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Sadly, Prince Philip, the Duke of Edinburgh, died on Friday, April 9, 2021, exactly two months short of his 100th birthday:

The Queen has lost her best friend. My deepest sympathies to her for the unimaginable loss of her long-time husband and daily confidant. My condolences also go to the Royal Family in their grief.

Young love

The couple first met in 1934, and began corresponding when the Prince was 18 and a cadet in the Royal Navy. Princess Elizabeth was 13 at the time.

She was smitten with him from the start.

Prince Philip served with distinction during the Second World War in the Mediterranean and Pacific fleets.

After the war ended, he could have had a stellar career in the Royal Navy. His superiors praised his clear leadership skills.

However, love intervened and the rest was history.

Born Prince Philip of Greece and Denmark, he renounced his foreign titles and took British citizenship before he and Princess Elizabeth were engaged. He took the surname of his maternal grandparents: Mountbatten.

He and Princess Elizabeth were engaged in July 1947. They married on November 20 that year. Shortly before the wedding, George VI gave him the titles of Duke of Edinburgh (created for him), Earl of Merioneth and Baron Greenwich.

Prince Philip remained in the Royal Navy until July 1951. He retired with the rank of Commander.

Royal succession — and surname

In January 1952, he and the Queen began a tour of the Commonwealth countries. They were in Kenya when news reached them that the Queen’s father, George VI, died on February 6 that year.

Although she became Queen immediately upon her father’s death, her coronation took place in 1953, as it had to be planned meticulously.

On Coronation Day, he knelt before her, clasped her hands and swore an oath of allegiance to her:

He also had to touch her crown and kiss her on the cheek.

He never had a constitutional role, nor was he ever formally given the title of Royal Consort. The courtiers did not like him, nor did they trust him. They believed his personality to be brash and unbecoming of the Royal household. They shut him out of as much decision making as possible.

When Elizabeth became Queen, the question about her family name arose. Prince Philip suggested that the Royal Family be known as the House of Edinburgh. Upon discovering that suggestion, Queen Mary, Elizabeth’s grandmother, wrote to Prime Minister Winston Churchill, who advised the young monarch to issue a royal proclamation saying that the Royal Family would continue to be known as the House of Windsor.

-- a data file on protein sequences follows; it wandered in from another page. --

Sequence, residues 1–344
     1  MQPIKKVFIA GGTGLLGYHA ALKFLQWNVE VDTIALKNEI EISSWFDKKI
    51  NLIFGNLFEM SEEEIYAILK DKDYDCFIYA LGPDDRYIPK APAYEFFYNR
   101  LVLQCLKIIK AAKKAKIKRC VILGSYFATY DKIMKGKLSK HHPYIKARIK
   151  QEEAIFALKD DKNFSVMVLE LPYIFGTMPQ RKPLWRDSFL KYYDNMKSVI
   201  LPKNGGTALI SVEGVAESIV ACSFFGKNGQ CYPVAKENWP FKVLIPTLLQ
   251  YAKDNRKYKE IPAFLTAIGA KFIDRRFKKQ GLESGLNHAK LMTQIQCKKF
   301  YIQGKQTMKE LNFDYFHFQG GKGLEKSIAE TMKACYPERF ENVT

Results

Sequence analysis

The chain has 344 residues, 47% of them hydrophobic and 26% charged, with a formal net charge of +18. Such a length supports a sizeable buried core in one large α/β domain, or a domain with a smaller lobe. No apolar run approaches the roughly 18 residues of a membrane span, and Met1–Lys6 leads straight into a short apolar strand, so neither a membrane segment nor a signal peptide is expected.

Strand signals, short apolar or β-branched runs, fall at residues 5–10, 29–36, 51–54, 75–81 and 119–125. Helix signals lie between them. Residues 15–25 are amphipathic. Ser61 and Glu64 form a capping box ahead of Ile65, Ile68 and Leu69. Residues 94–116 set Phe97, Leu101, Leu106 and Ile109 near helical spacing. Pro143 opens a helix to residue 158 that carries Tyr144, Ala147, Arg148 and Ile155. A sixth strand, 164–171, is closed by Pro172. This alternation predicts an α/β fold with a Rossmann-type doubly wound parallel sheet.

In his inimitable style, Prince Philip complained privately:

I am nothing but a bloody amoeba. I am the only man in the country not allowed to give his name to his own children. [57]

The Queen did nothing until eight years later, in 1960, 11 days before she gave birth to Prince Andrew. She issued an Order in Council declaring that the surname of her and her husband’s male-line descendants who are not styled as Royal Highness or titled as prince or princess would be Mountbatten-Windsor.

Pater familias

Prince Philip had to carve a role out for himself. He became the pater familias and, through the years, his role expanded to cover not only his four children but his grandchildren. He listened to their concerns, shared their joys and gave them advice. He knew everything that went on in their lives.

Although the public knew him for speaking as he saw — rather bluntly, on occasion — behind closed doors Prince Philip was known to be a warm, loving man.

He also favoured a more transparent Royal Family. According to the BBC, it was he who encouraged the Queen to make a multi-episode documentary on their daily lives, including those of their four children. It was broadcast in the late 1960s. I remember seeing it in the United States.

When Princess Diana died on August 31, 1997, Prince Philip was the one who kept an eye on the public mood that fateful week. He, the Queen and Princes William and Harry were at Balmoral in Scotland for their summer holiday. When the young princes wanted to attend church, their grandparents took them to the Sunday service on the day of their mother’s death. Later in the week, it was Prince Philip who encouraged the boys to walk behind the funeral procession the following Saturday. He said:

If you don’t walk, I think you’ll regret it later. If I walk, will you walk with me? [93]

One cannot imagine what he thought of Prince Harry’s departure for the United States to live a life separate from his closely knit family. I did read that the Royal Family shielded information about the Oprah interview from him.